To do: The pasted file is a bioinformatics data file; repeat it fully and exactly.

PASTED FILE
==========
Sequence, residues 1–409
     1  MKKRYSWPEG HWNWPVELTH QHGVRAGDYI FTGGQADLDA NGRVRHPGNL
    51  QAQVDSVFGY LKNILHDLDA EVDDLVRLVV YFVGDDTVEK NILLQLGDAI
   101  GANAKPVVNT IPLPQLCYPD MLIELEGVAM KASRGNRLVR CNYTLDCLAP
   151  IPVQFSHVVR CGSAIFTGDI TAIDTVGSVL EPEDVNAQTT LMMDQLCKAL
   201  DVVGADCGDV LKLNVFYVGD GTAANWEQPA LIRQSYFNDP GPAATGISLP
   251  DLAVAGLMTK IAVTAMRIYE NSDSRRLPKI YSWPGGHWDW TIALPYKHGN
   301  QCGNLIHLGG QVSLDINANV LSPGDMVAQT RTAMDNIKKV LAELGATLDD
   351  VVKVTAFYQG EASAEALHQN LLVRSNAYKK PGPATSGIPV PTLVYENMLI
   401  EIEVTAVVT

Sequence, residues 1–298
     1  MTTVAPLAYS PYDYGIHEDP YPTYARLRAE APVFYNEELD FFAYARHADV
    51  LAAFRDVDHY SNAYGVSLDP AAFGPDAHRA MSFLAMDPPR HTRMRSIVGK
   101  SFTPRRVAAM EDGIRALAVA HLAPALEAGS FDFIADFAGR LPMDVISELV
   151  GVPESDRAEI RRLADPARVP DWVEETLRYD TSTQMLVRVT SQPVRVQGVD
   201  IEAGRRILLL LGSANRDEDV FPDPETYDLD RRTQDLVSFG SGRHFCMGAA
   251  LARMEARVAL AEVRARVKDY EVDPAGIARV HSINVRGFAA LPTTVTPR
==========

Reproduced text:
Sequence, residues 1–409
     1  MKKRYSWPEG HWNWPVELTH QHGVRAGDYI FTGGQADLDA NGRVRHPGNL
    51  QAQVDSVFGY LKNILHDLDA EVDDLVRLVV YFVGDDTVEK NILLQLGDAI
   101  GANAKPVVNT IPLPQLCYPD MLIELEGVAM KASRGNRLVR CNYTLDCLAP
   151  IPVQFSHVVR CGSAIFTGDI TAIDTVGSVL EPEDVNAQTT LMMDQLCKAL
   201  DVVGADCGDV LKLNVFYVGD GTAANWEQPA LIRQSYFNDP GPAATGISLP
   251  DLAVAGLMTK IAVTAMRIYE NSDSRRLPKI YSWPGGHWDW TIALPYKHGN
   301  QCGNLIHLGG QVSLDINANV LSPGDMVAQT RTAMDNIKKV LAELGATLDD
   351  VVKVTAFYQG EASAEALHQN LLVRSNAYKK PGPATSGIPV PTLVYENMLI
   401  EIEVTAVVT

Sequence, residues 1–298
     1  MTTVAPLAYS PYDYGIHEDP YPTYARLRAE APVFYNEELD FFAYARHADV
    51  LAAFRDVDHY SNAYGVSLDP AAFGPDAHRA MSFLAMDPPR HTRMRSIVGK
   101  SFTPRRVAAM EDGIRALAVA HLAPALEAGS FDFIADFAGR LPMDVISELV
   151  GVPESDRAEI RRLADPARVP DWVEETLRYD TSTQMLVRVT SQPVRVQGVD
   201  IEAGRRILLL LGSANRDEDV FPDPETYDLD RRTQDLVSFG SGRHFCMGAA
   251  LARMEARVAL AEVRARVKDY EVDPAGIARV HSINVRGFAA LPTTVTPR